Practicing Creativity

La Croix-Rousse market in Lyon, France

Let's take a break from cards and Christmas, shall we? I've mentioned here before that I'm a sucker for markets. Oh, yes, I certainly am. In any French town, on any visit, I always try to find a market. I check in the guide books to see what days they're on and try to plan my visits accordingly. This last weekend my husband and I were in Lyon, France (his family lives in the area so we visit often) and we paid a visit to the La Croix-Rousse market on Saturday. This is Lyon's biggest market.

Lyon has become my favorite city in France and this neighborhood, La Croix-Rousse, is one of my favorites. It's on a hill above the center of Lyon and walking up to it you will get your exercise.

This is the Montée de la Grand Côte. It connects the lower part of the the neighborhood to the upper plateau (where the market is). This is a very old part of town and this street dates back to the middle ages and before. There are Roman ruins in this area.

It's a funky part of town. Trendy, but not too snobby, a little bit cruddy. Real. Lots of artists, cafés, avant-garde clothing boutiques. Not to be missed in my opinion. Here's a little street art for you.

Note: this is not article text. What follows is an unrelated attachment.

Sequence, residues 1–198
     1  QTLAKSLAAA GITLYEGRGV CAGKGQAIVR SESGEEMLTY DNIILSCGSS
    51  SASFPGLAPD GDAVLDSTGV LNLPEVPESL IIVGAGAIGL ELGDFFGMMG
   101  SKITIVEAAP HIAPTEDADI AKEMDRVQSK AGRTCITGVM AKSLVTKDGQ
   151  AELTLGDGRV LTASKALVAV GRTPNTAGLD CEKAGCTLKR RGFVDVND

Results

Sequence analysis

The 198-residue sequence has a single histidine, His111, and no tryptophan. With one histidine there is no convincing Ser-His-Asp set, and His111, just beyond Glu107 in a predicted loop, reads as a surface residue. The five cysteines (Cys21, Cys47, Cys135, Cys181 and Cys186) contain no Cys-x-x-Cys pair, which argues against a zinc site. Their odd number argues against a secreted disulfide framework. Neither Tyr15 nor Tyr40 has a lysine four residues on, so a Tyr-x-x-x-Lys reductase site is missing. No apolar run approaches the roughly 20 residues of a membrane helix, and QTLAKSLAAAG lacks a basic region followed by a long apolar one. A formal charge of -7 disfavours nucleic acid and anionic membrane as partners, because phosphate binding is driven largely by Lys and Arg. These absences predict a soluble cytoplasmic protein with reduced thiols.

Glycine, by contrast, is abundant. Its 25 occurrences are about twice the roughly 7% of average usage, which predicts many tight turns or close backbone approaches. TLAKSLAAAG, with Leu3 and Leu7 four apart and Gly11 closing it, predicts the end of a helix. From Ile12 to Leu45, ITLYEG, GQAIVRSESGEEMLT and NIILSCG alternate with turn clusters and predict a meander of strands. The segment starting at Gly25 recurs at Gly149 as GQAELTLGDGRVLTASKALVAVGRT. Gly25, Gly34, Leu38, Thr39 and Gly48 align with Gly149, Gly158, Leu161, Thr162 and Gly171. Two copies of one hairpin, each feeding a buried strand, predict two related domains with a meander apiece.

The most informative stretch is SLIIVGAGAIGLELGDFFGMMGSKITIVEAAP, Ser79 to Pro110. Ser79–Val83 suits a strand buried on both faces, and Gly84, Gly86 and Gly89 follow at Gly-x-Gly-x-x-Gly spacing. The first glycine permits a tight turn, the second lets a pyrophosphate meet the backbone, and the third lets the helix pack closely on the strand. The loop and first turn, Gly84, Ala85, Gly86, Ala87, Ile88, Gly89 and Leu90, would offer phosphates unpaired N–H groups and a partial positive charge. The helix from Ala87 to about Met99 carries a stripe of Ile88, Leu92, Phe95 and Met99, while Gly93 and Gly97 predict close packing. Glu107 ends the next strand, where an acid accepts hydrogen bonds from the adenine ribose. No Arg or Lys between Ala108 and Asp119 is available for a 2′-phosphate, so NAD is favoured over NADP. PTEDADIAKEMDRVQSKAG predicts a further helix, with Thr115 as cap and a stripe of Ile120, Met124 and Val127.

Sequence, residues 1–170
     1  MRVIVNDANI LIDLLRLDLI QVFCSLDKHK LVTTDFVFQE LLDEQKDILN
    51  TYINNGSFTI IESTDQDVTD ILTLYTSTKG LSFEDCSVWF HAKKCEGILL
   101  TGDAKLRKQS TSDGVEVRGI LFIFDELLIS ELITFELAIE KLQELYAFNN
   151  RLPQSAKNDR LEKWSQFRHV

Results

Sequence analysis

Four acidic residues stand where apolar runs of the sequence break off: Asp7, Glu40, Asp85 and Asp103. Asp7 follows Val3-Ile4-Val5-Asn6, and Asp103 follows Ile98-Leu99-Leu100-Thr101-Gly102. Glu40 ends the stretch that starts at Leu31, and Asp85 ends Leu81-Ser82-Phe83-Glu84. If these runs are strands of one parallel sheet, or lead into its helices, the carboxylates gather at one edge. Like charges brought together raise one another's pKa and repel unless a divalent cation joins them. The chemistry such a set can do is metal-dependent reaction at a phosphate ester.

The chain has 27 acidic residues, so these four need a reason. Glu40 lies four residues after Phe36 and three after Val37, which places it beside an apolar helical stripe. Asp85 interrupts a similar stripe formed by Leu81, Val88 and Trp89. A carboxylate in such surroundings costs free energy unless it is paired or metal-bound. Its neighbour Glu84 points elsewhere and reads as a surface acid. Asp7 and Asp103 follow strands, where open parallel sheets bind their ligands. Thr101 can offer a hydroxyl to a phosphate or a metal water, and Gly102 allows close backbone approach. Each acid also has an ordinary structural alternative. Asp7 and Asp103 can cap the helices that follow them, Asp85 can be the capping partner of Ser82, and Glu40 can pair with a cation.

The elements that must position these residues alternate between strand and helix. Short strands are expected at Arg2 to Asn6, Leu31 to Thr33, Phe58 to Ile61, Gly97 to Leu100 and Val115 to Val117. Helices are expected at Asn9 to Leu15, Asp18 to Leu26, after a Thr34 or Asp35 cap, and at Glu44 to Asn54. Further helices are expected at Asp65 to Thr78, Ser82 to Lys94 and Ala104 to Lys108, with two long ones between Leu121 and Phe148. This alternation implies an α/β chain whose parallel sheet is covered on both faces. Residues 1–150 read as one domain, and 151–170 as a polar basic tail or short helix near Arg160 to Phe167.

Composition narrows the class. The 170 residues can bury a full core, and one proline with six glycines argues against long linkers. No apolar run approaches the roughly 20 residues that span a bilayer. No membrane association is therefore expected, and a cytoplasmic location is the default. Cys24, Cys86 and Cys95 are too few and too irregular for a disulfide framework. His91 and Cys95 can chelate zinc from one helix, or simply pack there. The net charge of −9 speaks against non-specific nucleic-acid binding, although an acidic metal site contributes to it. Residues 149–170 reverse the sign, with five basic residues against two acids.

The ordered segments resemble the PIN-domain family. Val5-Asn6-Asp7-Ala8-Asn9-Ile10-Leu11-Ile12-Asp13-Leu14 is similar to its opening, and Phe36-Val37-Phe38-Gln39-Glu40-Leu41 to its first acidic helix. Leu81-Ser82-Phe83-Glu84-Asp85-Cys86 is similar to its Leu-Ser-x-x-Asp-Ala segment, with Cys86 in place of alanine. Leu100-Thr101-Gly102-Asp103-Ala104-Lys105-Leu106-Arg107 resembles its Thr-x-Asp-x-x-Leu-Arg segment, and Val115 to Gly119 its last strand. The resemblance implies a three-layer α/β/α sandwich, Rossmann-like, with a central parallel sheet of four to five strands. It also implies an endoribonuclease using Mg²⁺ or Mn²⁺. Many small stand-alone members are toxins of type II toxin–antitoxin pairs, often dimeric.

And now...on to the good stuff, the market! As I said, this market is BIG, whatever you're looking for, whatever your tastes, you will find it here.

These are Crosnes, a root vegetable. I've never seen them in the States so I had to look them up on the internet to have their English name. Apparently, they're Chinese Artichokes in English. I think I'll stick with Crosnes, sounds more poetic, don't you think? I know they look like worms, but they're tasty, tasty!

These Chanterelles mushrooms look delicious. 

You can buy pumpkin already sliced.

These twiggy looking things are Bâtons de Réglisse. They come from the root and stalk of the Réglisse plant. Réglisse is licorice in English. You can actually chew on a bâton if you like, people do, or use it in cooking. It's a popular flavor here. It also has medicinal qualities.

You won't hardly ever see iceberg lettuce in France. No great loss in my opinion; I prefer a leafy salad, made with fresh greens like this.

Clementine oranges are delicious! Seedless, juicy and sweet! Kind of pretty too, don't you think?! These come from Corsica.

I don't think chicken or duck gets much fresher than this, unless it's still alive. Seeing the head still on the bird, or the hoof on the ham, turns a lot of people off. I understand that, but in my opinion it's less hypocritical. If you're going to eat meat, realize it's an animal, and not just some thing wrapped in plastic you buy in the supermarket.

I love endive, anyway you cook it. Or don't cook it for that matter. It's downright tasty raw! Toss it with some olive oil, some walnuts, sprinkle on a little blue cheese and there you go!!!

And you have to have bread, there's plenty of that around too.

Kind of makes you want to cook, doesn't it? Or eat. Or have someone cook for you. Oh, Honey, Chéri, are you reading this?

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